Sunday, October 25, 2009

The Kickapoo Railroad

The first regular train of the railroad (then called the Kickapoo Valley & Northern) arrived in La Farge on October 11, 1897. Its coming caused a boom in the village as people scrambled to meet the business demands and possibilities of the new transportation system. The business district, which had been focused around the original corners of what today is Main and State Streets, began to stretch west towards the river and the train depot located there. Hotels and boarding houses were jammed with the increased populations brought by the railroad and resulting increases in business activity. Construction of places of business along Main Street was a constant for several years. New houses were being built to the north and east of the corners as the village’s population increased during this time. La Farge as we know it today was defined by the growth of that era when the railroad came.

It took a while for the railroad to get as far north as La Farge. It all started in 1889 with a grand scheme to run a branch line up the Kickapoo Valley from Wauzeka to Wilton. Even before that, in the 1870’s, a survey had been proposed and partially completed in anticipation of running a narrow gauge track up the valley all the way to Tomah. Then the Kickapoo Valley & Northern was organized in 1889 by a group of businessmen from Prairie du Chien, Muscoda, Baraboo, and Soldiers Grove. A new survey was started. In 1890, E.R. Burpee was brought in from Maine to be president of the new company and the survey was completed through to Wilton. Construction on the line’s road-bed was commenced from Wauzeka with intentions of building the thirty-four mile southern section of the line to Soldiers Grove.

From the beginning the fledgling railroad company had financial problems. When steel rails could not be secured due to lack of funds, wooden rails of maple were made and temporarily used to get the work train and crews out to the construction sites north of Wauzeka. Right-of-way easements were negotiated with landowners, as the company had no money to actually buy land. Additionally, local municipalities were petitioned to donate to the cause and many townships donated $500 or more to the project (the Town of Stark would make a $725 donation in 1898), while villages were solicited for even higher donations. Individuals also donated money and land, and many farmers agreed to help with team work in the actual building of the railroad. Finally in 1891, the line had reached Gays Mills and was completed to Soldiers Grove the following year. Soon the United States mail was being carried on the Kickapoo trains and the United States Express Company established offices in villages along the line and did a brisk business as well.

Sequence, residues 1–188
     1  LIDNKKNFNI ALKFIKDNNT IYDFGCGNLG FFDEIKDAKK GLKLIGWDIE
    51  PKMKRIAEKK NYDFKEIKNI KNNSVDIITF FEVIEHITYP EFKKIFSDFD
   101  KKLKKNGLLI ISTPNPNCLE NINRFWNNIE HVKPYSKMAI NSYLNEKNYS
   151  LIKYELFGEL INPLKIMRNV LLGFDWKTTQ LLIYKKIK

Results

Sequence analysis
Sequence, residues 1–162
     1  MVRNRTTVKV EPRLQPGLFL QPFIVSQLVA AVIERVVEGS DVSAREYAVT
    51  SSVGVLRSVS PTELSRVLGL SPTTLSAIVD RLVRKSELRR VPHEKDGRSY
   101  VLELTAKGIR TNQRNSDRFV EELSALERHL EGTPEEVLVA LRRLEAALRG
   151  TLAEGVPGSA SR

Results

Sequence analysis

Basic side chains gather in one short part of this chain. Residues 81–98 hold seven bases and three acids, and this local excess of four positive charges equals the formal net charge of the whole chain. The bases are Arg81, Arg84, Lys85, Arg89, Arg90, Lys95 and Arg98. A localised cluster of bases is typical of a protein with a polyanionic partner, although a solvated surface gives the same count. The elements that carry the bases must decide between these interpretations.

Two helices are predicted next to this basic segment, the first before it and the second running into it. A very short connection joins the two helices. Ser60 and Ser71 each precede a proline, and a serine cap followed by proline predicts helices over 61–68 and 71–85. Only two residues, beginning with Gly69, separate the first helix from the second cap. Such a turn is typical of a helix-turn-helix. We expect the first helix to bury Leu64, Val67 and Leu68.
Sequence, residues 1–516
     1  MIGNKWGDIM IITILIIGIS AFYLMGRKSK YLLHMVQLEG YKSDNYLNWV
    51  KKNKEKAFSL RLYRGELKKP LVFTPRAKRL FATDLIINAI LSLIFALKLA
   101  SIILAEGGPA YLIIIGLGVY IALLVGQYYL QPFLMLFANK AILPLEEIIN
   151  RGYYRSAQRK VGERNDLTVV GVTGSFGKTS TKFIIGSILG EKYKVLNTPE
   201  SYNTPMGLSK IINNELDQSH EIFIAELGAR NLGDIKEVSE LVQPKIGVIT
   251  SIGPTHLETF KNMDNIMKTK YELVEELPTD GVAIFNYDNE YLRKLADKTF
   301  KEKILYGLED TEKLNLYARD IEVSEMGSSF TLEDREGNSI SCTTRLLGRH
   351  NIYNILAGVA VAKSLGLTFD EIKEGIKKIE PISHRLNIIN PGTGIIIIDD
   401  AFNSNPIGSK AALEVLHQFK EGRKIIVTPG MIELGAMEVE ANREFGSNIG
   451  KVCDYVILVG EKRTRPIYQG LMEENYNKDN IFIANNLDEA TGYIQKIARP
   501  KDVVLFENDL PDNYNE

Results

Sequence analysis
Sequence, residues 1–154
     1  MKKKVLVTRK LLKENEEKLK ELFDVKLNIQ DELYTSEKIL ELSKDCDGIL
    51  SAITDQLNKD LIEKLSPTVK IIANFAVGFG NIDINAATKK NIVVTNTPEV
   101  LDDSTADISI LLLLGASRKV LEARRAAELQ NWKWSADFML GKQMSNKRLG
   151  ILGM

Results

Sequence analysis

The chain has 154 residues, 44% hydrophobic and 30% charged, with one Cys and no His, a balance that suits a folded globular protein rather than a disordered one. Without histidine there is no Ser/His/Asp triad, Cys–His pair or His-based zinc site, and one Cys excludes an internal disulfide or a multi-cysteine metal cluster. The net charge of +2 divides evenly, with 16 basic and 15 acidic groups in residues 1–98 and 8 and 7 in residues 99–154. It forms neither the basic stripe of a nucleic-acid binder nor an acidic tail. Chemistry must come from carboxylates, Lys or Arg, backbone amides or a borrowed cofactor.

By 1892 when the line reached Soldiers Grove, the company was in dire financial straits. Construction had to cease while additional funding was sought. In 1894 the company went into the hands of a receiver, E.A Wadhams, who negotiated loans for the company to continue. Grading, bridging and track laying were eventually continued up the valley and by 1896 the line had reached the village of Readstown. Another loan was secured and the line continued north to Viola. (Expenses on the line’s construction had increased as the land needed for track right-of-way north from Soldiers Grove was now being purchased from the individual landowners.)

To get to La Farge, a tunnel needed to be dug through the hill on the Lawton farm located on the Richland-Vernon County line. The digging of the tunnel was a costly and involved construction project started around the beginning of the year in 1897. When it was completed, there were two more bridges to build (There were thirty-four bridges on the railroad line in all.) and then the line could reach La Farge. There the line ended.

In a press release in February 1898, the KV & N declared that the fifty-one miles of the line (from Wauzeka to La Farge) was in good shape, a mail car had been added and several passenger cars (built in the company’s shop in Wauzeka) had been put on the line. The company planned to expand south in the future, through Grant County towards Dubuque, Iowa or Galena, Illinois. No mention was made to extend the line north beyond La Farge.

In 1899 the K.V. & N. was sold to a company headed by Norman James of Richland Center. Mr. James had apparently arranged the earlier loan to complete the line’s construction. He became a capable manager of the railroad line and soon made it profitable. By 1903, the line earned a profit of $37,000 on passenger traffic alone and was handling 50,000 tons of freight annually. That same year, ownership of the railroad changed again as the Chicago, Milwaukee & St Paul Railroad Company bought the Kickapoo railroad and made it a branch line.

In those early days, the Kickapoo railroad usually had two trains running each way daily except Sunday. One train was for passengers and the other was called a mixed train, carrying freight as well as passengers. The first train to go down the valley each morning and the last one north in the afternoon usually carried the mail. Special freight runs were put on according to need, with a special stock train added each Tuesday in the fall for a number of years to handle livestock shipments. Special excursion trains would run to take passengers for events such as ball games and fairs. (The October 12, 1908, La Farge Enterprise reported 151 tickets had been sold in La Farge for the train to the Gays Mills Fair.)

Monday, October 19, 2009

La Farge's Origins

The Village of La Farge, located alongside the Kickapoo River in west-central Wisconsin, was incorporated in 1899. However, the story of the town's origins stretches back another 40 years. Thomas DeJean claimed land at the site in the mid-1850's. After moving his family to the Kickapoo, DeJean and his son, Anson, built a sawmill at the place where Bear Creek enters the Kickapoo. Later, they built a grist mill near where the sawmill had been. Thomas DeJean built a store building in 1875 north of his mill, at an intersection where two trails crossed that became known as "The Corners". Earlier, Dredsel Bean had built a house and blacksmith shop just north of The Corners. Bean's business drew people to the crossroads and prompted De Jean to open the general store. When Thomas De Jean passed on in 1877, the place was called DeJean's Corners in his honor.